Labour set to whip MPs over Syria as Diane Abbott warns she could resign

Shadow public health minister says intervention "would put me in a very difficult position" as Labour signals it will whip MPs in support of Miliband's stance.

Ahead of tomorrow's recall of parliament, MPs from all parties are voicing their scepticism and in some cases opposition towards intervention in Syria. The most senior Labour figure to do so is Diane Abbott. While it is often forgotten given her long spell as a maverick backbencher, Abbott has been shadow public health minister since 2010, having been appointed by Ed Miliband after standing in the Labour leadership election. 

The Hackney North MP was quick to signal her concern over military action yesterday, when she tweeted: "Blair joins clamour for attack on Syria. Another reason why it's probably a bad idea." She went on to tell the Guardian: "I voted against the Iraq War. At the moment, I can't see anything that would make me vote for intervention in Syria. Essentially it's a civil war. What Libya and Egypt have taught us is that these situations in the Middle East are complex. It's not good guys in white hats and bad guys in black hats."

Asked whether she would resign from the frontbench if Labour supported intervention, she replied: "It would put me in a very difficult position." While Ed Miliband has yet to explicitly state that he will vote in favour of military action, he has said that he is prepared to support the government provided that the intervention is "legal", "specifically limited to deterring the future use of chemical weapons" and that it has "clear and achievable military goals".

A Labour source told me this morning that the party "was likely" to whip its MPs, citing the precedents of Iraq and Libya. As a result, any frontbencher who opposes intervention (assuming that Miliband supports the government) would be expected to resign their position. Abbott told Daybreak this morning that she was "waiting to hear the debate" but added: "on the basis of what I know now, I'm not even sure this intervention will be legal and it's certainly not the case that Assad is going to wake up the morning after we bomb him and say 'oh, less of these atrocities'. It runs a big risk of making matters worse and of dragging us into a civil war in Syria with no endgame."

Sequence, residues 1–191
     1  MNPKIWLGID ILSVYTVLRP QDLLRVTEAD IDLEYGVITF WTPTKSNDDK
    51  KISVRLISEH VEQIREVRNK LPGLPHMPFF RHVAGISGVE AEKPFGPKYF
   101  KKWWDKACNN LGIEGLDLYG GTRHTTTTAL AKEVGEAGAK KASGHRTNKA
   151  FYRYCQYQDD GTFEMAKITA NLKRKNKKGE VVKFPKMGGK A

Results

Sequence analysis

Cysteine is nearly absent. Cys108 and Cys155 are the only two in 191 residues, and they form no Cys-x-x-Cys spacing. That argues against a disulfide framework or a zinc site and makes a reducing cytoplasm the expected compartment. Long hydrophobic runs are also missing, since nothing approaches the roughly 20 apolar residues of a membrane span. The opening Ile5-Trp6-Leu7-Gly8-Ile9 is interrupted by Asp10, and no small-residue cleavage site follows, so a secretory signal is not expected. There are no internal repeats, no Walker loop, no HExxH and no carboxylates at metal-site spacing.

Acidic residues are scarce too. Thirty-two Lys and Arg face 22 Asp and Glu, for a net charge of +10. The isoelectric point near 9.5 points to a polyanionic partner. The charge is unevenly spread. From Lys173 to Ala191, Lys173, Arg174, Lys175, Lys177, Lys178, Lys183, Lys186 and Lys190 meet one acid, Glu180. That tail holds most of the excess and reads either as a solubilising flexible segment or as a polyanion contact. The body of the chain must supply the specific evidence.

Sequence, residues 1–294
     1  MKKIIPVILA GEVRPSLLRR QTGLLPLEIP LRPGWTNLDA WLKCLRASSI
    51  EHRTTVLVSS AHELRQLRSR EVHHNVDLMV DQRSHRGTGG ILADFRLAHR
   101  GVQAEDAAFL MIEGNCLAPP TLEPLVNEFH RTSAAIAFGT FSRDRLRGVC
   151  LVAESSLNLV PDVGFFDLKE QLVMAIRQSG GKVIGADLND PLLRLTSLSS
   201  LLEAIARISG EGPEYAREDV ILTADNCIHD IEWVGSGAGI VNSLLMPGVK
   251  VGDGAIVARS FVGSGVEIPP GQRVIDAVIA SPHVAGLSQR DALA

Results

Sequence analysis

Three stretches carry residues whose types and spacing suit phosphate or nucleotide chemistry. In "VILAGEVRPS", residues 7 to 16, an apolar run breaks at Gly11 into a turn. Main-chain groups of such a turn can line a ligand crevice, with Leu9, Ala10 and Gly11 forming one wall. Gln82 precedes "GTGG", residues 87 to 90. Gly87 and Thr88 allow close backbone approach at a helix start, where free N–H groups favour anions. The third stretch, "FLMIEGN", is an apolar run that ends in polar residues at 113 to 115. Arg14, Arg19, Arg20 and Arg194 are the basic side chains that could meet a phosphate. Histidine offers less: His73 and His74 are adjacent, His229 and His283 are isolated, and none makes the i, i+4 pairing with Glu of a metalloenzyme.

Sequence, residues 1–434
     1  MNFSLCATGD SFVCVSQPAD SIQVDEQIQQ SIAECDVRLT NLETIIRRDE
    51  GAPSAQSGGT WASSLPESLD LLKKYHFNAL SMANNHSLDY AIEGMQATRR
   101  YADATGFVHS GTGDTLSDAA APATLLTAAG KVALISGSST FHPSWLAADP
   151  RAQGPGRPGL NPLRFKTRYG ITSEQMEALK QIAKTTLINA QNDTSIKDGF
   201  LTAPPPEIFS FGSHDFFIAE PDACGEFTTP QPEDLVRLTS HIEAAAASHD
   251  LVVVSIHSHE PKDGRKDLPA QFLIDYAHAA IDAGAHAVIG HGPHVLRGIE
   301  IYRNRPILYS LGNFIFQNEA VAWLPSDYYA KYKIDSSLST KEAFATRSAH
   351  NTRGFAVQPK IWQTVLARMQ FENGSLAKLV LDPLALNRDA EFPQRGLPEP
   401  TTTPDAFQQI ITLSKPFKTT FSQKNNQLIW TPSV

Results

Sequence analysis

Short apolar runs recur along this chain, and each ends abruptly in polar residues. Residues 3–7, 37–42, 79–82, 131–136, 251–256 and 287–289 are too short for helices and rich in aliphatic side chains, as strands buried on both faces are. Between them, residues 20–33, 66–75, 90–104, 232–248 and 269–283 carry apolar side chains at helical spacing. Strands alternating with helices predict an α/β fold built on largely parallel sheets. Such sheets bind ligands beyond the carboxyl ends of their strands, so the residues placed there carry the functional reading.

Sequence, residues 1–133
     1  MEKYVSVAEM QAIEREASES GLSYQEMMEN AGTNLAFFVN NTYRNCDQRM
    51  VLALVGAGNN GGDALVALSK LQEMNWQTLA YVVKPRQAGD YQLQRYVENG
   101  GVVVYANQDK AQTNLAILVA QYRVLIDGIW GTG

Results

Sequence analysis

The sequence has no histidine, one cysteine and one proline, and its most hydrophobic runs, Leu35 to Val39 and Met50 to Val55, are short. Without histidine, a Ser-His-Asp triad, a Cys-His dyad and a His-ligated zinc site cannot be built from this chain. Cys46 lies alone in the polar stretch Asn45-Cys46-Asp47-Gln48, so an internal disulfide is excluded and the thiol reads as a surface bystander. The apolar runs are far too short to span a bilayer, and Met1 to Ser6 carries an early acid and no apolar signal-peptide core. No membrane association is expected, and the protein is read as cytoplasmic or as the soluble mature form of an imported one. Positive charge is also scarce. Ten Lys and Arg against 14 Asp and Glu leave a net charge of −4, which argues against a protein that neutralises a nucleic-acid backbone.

The question for Miliband, as he seeks to preserve party unity, is how many other shadow ministers may be prepared to join Abbott if she decides to resign, rather than support military action. 

Shadow public health minister Diane Abbott speaks at the Labour conference in Manchester in 2010. Photograph: Getty Images.

George Eaton is political editor of the New Statesman.

Grant Shapps on the campaign trail. Photo: Getty
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Grant Shapps resigns over Tory youth wing bullying scandal

The minister, formerly party chairman, has resigned over allegations of bullying and blackmail made against a Tory activist. 

Grant Shapps, who was a key figure in the Tory general election campaign, has resigned following allegations about a bullying scandal among Conservative activists.

Shapps was formerly party chairman, but was demoted to international development minister after May. His formal statement is expected shortly.

The resignation follows lurid claims about bullying and blackmail among Tory activists. One, Mark Clarke, has been accused of putting pressure on a fellow activist who complained about his behaviour to withdraw the allegation. The complainant, Elliot Johnson, later killed himself.

The junior Treasury minister Robert Halfon also revealed that he had an affair with a young activist after being warned that Clarke planned to blackmail him over the relationship. Former Tory chair Sayeedi Warsi says that she was targeted by Clarke on Twitter, where he tried to portray her as an anti-semite. 

Shapps appointed Mark Clarke to run RoadTrip 2015, where young Tory activists toured key marginals on a bus before the general election. 

Today, the Guardian published an emotional interview with the parents of 21-year-old Elliot Johnson, the activist who killed himself, in which they called for Shapps to consider his position. Ray Johnson also spoke to BBC's Newsnight:


The Johnson family claimed that Shapps and co-chair Andrew Feldman had failed to act on complaints made against Clarke. Feldman says he did not hear of the bullying claims until August. 

Asked about the case at a conference in Malta, David Cameron pointedly refused to offer Shapps his full backing, saying a statement would be released. “I think it is important that on the tragic case that took place that the coroner’s inquiry is allowed to proceed properly," he added. “I feel deeply for his parents, It is an appalling loss to suffer and that is why it is so important there is a proper coroner’s inquiry. In terms of what the Conservative party should do, there should be and there is a proper inquiry that asks all the questions as people come forward. That will take place. It is a tragic loss of a talented young life and it is not something any parent should go through and I feel for them deeply.” 

Mark Clarke denies any wrongdoing.

Helen Lewis is deputy editor of the New Statesman. She has presented BBC Radio 4’s Week in Westminster and is a regular panellist on BBC1’s Sunday Politics.